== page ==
The Chicago Cubs haven’t received a lot of positive press in the last couple years, as far as their Major League squad is concerned, and it’s not going to get any better for much of 2014, unless the likes of Javier Baez or Kris Bryant make their debuts at some point over the course of the year. They figure to gain even less positive press, especially from their fanbase, should they trade Jeff Samardzija.
While it hasn’t happened yet, there have been points in the offseason where trading Jeff Samardzija has looked like a lock, it’s just a matter of the destination. The two sides have failed to come together on a contract extension, and with two years remaining on his contract, Shark represents the final extremely attractive trade piece as the Cubs continue to bolster their farm system.
A move to trade Samardzija would represent a trade of a popular player and one that would illustrate the fact that they’re throwing in the towel on 2014, making it even more evident than it’s already been. Luckily, FOX Sports’ Ken Rosenthal has thrown out an idea that will allow the Cubs to part with Samardzija, but still keep their … dignity, for lack of a better word.
In Rosenthal’s scenario, the Cubs would trade Samardzija to someone like the Toronto Blue Jays. The Jays have been regarded as serious suitors for the righty, and have the prospects that the Cubs would likely covet, such as Aaron Sanchez or Marcus Stroman. That would allow them to increase their depth in an ever-improving farm system. At the same time, it would increase their depth enough to the point where they could acquire David Price without depleting their farm system in any way.
The Cubs have been connected to Price since before the 2013 season even started. He also has two years remaining on his contract, but figures to get one of the more hefty contracts in all of baseball with an extension, unlike Samardzija. Rosenthal argues that a true ace like Price could move their timetable along, while keeping the fanbase interested. As intriguing as such a series of moves would be, it’s also extremely unlikely.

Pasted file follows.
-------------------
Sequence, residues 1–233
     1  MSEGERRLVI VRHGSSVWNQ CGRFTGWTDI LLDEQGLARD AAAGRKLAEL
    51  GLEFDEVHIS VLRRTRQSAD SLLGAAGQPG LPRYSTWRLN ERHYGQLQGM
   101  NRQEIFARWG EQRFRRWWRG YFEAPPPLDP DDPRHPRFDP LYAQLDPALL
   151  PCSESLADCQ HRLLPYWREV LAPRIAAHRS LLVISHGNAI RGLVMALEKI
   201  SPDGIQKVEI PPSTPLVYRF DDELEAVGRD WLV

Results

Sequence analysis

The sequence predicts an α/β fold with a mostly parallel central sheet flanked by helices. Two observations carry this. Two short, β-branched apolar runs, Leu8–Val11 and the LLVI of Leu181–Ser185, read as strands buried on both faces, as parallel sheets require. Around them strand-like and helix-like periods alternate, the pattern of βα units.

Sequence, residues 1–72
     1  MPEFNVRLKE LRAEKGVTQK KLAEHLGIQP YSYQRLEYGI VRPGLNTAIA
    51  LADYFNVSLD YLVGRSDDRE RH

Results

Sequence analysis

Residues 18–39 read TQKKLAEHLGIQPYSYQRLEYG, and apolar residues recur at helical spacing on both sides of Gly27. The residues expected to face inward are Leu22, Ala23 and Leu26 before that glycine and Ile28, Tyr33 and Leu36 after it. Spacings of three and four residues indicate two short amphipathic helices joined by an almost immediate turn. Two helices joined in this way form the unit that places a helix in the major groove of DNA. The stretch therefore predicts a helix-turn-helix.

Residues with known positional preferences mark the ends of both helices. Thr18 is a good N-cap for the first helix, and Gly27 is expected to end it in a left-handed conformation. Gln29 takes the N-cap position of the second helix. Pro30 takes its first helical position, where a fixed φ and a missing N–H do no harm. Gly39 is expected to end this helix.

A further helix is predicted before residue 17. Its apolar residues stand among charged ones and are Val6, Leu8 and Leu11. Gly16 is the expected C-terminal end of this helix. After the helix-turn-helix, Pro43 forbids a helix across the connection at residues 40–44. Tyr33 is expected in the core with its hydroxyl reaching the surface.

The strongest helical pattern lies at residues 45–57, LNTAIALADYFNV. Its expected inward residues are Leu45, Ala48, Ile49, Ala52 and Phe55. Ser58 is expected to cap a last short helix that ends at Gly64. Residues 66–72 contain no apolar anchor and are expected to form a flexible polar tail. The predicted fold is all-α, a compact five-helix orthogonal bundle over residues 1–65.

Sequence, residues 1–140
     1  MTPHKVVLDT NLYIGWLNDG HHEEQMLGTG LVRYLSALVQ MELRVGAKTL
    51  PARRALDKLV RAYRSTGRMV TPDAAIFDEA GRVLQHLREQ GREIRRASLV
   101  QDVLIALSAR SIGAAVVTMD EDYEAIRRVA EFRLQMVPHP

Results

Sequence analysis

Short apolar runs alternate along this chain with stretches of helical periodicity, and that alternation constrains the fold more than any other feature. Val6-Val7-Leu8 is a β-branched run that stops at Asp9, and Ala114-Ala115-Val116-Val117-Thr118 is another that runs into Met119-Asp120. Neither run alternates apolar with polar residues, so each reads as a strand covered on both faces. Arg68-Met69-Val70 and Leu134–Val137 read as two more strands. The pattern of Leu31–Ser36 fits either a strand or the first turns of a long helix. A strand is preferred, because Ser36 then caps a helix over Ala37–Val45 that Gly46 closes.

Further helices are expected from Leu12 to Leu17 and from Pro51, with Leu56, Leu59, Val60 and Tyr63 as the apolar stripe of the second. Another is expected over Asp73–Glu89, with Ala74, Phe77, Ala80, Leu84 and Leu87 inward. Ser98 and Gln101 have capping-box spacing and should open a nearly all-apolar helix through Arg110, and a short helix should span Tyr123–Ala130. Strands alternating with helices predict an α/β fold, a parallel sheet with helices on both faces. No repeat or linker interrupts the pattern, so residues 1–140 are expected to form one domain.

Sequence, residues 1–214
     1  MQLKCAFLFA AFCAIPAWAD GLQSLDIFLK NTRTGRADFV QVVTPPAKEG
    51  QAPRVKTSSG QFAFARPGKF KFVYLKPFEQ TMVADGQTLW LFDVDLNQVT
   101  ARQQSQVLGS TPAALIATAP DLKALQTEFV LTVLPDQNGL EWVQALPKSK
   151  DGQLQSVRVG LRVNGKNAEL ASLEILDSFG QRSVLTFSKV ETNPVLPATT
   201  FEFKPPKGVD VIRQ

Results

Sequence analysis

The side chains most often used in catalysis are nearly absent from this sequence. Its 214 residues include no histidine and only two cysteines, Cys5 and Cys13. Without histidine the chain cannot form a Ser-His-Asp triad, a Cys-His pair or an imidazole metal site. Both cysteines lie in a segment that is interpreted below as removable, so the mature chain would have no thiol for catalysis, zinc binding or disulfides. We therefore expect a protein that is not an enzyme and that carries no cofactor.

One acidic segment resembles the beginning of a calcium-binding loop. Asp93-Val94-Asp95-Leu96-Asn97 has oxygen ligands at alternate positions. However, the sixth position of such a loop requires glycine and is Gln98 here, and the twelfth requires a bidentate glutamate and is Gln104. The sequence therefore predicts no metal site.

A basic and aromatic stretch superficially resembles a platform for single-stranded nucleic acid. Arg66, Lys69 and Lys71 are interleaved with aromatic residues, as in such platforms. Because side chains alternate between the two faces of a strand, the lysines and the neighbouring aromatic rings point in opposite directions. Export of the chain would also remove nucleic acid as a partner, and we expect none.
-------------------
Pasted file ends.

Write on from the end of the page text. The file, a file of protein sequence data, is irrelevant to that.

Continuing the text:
For one, the Cubs want to trade Samardzija to increase their prospect depth. It’s unlikely Theo Epstein and Jed Hoyer would make such a move to acquire prospects, only to move a handful of them in a potential David Price deal. That’s not to mention the fact that the Cubs would likely have to surrender more for Price than they would have acquired in a Samardzija deal. It simply does not add up with this front office’s way of thinking.
The Cubs aren’t in a position to spend money, according to basically everyone inside of their front office. They’re not going to spend the prospects to acquire Price and the money to extend him at this point in time. It just doesn’t fit in with what they’re doing. The much more likely scenario is that they trade Shark, replace him with a mid-level rotation guy off of the free agent market and punt the 2014 season like they already intend on.
As attractive an idea as it may be for some Cub fans, Rosenthal’s strategy for the Cubs to speed up their path to relevance is still far fetched. It makes sense on some level, but at the same time, it remains extremely unlikely that the Cubs would pull the trigger on such a series of moves.